· Lastly, the period of international financial leasing is always longer than domestic financial leasing and so on.
Recently, international financial leasing has developed at a high speed all around the world. Using international financial leasing to expand production is an ideal means of financing. This is a good way to enhance production capacity and at the same time ensure companies use the up-to-date equipments without facing the risk of purchasing. Meanwhile, it could be of great help for reducing operating costs of companies and improving economic performance especially for those companies that need equipments with a shorter useful life than their life span, for example, engineering and construction machineries, etc. Consequently, considered as a whole, there are least two reasons for the financers and equipment users to choose international financial leasing as a method of financing in addition to these benefits mentioned above. On one hand, compared with traditional methods of financing, international financial leasing is more flexible for the lessor to establish and protect the ownership rights. On the other hand, international financial leasing can be a good way to exchange controls or import or export restrictions on equipment can be circumvented. Both these benefits have been promoting the development of international financial leasing in a wider scale than ever before.
Recognizing the need for certainty in international trade, the International Institute for the Unification of Private Law (UNIDROIT) began work in 1974 on a set of Draft Rules designed to govern the civil and commercial aspects of international financial leasing. The effort culminated in a multilateral convention. Both the UNIDROIT Convention on International Financial Leasing and its companion instrument, the UNIDROIT Convention on International Factoring were the end result of a diplomatic conference.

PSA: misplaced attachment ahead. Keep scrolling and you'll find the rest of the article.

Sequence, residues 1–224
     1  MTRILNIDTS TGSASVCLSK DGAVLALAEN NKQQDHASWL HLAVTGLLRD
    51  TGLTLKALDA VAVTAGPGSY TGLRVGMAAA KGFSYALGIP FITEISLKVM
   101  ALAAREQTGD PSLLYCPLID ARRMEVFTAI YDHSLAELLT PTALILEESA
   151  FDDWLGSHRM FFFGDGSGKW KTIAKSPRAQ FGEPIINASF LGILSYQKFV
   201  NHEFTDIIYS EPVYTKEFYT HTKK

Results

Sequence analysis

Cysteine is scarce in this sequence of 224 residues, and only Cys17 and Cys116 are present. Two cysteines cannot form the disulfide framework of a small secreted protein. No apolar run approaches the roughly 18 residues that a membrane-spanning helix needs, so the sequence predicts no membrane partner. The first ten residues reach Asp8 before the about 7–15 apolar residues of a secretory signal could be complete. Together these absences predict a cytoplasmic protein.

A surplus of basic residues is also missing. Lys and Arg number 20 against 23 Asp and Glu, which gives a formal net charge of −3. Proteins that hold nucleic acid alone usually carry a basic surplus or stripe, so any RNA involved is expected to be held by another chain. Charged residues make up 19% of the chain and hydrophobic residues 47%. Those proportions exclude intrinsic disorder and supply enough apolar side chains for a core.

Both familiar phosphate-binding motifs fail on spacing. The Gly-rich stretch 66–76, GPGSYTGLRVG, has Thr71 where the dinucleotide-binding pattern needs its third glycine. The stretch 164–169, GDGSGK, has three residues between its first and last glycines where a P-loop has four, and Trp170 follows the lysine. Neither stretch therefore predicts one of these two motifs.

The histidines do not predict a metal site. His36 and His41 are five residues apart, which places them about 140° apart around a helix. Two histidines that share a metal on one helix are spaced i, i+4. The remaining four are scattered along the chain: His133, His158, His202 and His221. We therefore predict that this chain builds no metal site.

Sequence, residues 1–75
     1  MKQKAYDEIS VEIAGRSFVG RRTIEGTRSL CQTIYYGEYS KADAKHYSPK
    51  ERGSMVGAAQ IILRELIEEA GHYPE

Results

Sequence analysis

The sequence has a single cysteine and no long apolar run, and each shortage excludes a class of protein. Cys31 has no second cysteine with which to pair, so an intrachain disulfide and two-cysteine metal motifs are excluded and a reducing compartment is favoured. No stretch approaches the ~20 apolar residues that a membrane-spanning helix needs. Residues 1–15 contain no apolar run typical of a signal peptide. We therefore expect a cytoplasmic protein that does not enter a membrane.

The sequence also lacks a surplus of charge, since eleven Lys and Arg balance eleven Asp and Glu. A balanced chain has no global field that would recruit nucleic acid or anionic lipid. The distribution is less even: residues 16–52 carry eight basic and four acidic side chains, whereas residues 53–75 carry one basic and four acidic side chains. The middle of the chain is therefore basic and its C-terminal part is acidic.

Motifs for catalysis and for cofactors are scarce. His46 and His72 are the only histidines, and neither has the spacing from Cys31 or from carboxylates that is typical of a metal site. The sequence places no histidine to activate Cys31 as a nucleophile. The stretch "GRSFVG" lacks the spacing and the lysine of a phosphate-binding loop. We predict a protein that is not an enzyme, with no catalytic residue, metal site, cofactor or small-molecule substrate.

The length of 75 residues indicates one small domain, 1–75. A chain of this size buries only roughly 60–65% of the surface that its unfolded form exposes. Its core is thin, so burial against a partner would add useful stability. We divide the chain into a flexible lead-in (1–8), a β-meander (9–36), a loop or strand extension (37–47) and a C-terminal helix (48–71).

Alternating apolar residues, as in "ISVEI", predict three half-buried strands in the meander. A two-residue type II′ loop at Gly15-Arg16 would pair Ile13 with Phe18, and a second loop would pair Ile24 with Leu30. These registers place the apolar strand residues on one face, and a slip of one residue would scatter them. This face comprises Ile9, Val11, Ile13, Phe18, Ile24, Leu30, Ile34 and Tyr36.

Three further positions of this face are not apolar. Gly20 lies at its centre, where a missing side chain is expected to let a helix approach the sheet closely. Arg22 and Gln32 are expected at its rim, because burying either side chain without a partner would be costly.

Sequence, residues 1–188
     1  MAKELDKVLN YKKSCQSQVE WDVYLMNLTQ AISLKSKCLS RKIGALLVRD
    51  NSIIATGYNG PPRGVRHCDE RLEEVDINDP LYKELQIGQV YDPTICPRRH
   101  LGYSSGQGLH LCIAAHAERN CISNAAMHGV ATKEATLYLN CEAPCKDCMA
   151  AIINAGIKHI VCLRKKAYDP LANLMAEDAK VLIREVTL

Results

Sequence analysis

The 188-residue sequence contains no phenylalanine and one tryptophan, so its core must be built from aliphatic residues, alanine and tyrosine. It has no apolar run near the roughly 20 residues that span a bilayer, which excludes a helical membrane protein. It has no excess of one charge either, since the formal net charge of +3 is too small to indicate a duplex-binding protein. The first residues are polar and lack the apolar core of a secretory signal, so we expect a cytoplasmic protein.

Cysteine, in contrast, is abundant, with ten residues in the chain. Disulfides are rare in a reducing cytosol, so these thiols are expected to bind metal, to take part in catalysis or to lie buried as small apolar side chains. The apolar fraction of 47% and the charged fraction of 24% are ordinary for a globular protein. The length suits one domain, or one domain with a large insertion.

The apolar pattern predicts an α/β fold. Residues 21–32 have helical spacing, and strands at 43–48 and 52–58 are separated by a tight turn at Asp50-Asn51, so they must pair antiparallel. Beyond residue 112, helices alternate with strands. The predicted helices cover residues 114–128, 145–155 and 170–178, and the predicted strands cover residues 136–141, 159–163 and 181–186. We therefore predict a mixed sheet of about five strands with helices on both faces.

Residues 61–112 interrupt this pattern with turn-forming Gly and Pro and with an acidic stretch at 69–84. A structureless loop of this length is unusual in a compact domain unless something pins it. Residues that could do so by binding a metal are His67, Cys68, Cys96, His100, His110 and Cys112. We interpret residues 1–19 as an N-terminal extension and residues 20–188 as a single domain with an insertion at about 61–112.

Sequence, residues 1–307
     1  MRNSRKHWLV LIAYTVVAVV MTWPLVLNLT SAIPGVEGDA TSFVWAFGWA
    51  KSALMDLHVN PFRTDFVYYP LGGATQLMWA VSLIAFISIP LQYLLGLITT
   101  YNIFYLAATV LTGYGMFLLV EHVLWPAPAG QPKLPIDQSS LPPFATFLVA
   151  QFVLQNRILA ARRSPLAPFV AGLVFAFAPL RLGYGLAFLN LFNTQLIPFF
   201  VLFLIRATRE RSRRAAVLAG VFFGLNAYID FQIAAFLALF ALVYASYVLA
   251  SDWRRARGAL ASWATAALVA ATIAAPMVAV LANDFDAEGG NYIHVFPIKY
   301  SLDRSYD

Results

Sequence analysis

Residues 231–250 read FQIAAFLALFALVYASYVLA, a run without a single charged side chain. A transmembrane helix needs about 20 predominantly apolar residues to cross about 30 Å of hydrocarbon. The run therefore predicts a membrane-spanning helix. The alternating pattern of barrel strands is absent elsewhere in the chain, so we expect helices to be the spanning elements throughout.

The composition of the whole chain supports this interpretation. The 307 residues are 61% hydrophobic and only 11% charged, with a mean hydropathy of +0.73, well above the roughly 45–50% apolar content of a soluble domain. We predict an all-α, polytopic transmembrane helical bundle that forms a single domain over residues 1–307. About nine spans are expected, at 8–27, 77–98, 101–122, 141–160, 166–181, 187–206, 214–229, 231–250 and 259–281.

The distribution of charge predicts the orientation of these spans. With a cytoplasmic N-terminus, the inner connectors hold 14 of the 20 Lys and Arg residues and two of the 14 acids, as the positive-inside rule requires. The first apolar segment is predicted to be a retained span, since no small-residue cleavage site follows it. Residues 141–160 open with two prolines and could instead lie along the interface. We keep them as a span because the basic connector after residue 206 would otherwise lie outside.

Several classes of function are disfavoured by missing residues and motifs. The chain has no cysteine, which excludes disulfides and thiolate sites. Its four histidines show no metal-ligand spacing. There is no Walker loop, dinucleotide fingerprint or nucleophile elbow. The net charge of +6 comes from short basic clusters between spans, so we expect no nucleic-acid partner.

The Leasing Convention is limited to international financial leasing transactions. The definition of a financial leasing transaction gave rise to much difficulty and debate. There is a well established business distinction between financial lease and operating leases. The former are viewed in business terms as a means of financing the acquisition of equipment by a single lessee, and it is the latter who is economically the owner. The equipment and the supplier are selected by the lessee and are purchased by the lessor at the lessee’s request. The rent is designed to amortize the capital cost of the equipment and give the lessor its desired return on capital, taking tax benefits into account and squarely on the lessee.
The Convention governs a transaction which includes the following characteristics:
a) The lessor buys the equipment from the supplier to be let on lease to the lessee. This excludes transactions in which the manufacturer itself acts as lessor.
b) The lessee specifies the equipment and selects the supplier without relying primarily on the skill and judgment of the lessor.
c) The equipment is acquired by the lessor in connection with a leasing agreement which, to the knowledge of the supplier, either has been made or is to be made between the lessor and the lessee.
d) The rentals payable under the leasing agreement are calculated so as to take into account, in particular, the amortization of the whole or a substantial part of the cost of the equipment.
Under Financial Leasing
The substantive rights and obligations of the parties are set out in Chapter II of the Convention. It should be remembered here that the Convention’s purpose is not to lay down an exhaustive set of detailed rules, but rather to establish a framework, leaving most of the detailed matters to be dealt with in accordance with the parties’ contracts and the applicable law.